In short, leading or first digit data like that shown in the graphs above is not a useful metric for ascertaining election fraud. This is because, as the excerpt explains, there is usually not that much variation in vote share across precincts in smaller areas like cities and counties. Rather than conforming to Benford’s Law, the first digit in these sets of data will usually be determined by the voter size of each precinct. The use of Chicago as a specific example here is telling, too, since it may hint at why this city’s graph was dropped in newer revisions to the page. We’ll come back to that a little later.
Another article published by the Election Integrity Partnership also cautions readers on the use of Benford’s Law to assess election results. The author(s) clarify that there are two important assumptions or conditions behind the law that must be met in order for it to apply:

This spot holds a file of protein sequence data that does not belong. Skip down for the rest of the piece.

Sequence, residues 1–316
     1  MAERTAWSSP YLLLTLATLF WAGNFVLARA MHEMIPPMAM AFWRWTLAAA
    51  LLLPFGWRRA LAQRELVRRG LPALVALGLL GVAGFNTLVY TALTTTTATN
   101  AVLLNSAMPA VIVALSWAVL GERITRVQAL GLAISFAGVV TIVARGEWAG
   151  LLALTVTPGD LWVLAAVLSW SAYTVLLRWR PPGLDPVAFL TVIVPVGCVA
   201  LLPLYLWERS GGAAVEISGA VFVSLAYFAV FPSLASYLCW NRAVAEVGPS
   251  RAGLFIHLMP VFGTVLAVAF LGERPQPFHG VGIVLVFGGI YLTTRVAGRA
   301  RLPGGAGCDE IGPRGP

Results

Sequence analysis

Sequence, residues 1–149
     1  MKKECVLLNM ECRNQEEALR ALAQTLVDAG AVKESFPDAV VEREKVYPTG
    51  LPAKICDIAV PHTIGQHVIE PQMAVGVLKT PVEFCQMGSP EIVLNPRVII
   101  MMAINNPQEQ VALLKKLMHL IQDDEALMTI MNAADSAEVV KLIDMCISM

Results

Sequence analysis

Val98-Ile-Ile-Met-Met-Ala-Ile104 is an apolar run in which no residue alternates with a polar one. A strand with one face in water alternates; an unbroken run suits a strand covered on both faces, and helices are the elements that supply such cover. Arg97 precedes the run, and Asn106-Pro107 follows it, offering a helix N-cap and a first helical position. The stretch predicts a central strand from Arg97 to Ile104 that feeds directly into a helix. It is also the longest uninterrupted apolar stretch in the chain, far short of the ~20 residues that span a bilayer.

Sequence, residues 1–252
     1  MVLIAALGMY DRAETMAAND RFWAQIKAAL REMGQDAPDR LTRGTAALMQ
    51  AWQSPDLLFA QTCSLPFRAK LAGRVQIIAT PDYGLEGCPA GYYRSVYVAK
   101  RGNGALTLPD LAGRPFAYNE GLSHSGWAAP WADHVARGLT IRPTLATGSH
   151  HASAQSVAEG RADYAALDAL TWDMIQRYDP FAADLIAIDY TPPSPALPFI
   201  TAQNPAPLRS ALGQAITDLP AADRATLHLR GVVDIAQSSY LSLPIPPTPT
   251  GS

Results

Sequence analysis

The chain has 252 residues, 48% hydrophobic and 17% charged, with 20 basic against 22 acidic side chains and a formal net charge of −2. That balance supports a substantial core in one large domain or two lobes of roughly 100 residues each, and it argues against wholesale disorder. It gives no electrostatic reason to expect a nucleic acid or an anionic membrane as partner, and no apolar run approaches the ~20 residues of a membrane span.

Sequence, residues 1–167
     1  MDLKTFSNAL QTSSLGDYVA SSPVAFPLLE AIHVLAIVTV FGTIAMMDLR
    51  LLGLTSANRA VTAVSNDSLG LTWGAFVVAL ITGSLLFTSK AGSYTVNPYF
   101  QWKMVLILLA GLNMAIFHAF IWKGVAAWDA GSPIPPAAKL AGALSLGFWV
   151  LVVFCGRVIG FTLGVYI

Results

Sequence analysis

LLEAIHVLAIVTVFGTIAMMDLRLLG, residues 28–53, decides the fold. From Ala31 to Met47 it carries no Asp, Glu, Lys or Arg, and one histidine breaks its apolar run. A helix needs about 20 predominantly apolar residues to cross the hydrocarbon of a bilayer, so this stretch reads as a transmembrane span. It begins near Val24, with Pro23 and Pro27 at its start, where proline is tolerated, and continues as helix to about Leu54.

…the law holds consistently when certain assumptions are met: all numbers must be equally likely to appear (i.e., you can’t only tally batches of 6 votes and expect the totals to start with 7, 8, or 9) and the numbers must span multiple orders of magnitude, such as ranging from 100 to 10,000,000. Violations of these assumptions lead to violations of the law. For vote tallies, all numbers are equally likely, but not all states meet the second assumption. In the state of Nevada, Esmeralda County has around 900 people while Clark County has over 2,250,000 people. In the state of Vermont, the bounds are much narrower.
Data that do not meet these assumptions do not show reliable evidence of fraud. All that may be shown in them is that the rule is being inappropriately applied in this instance. This is essentially another way of putting the findings and conclusions of Brady and the other members of the panel writing for The Carter Center. But it makes the valuable point of underscoring how the rule’s assumptions should not be discarded, particularly where elections are concerned.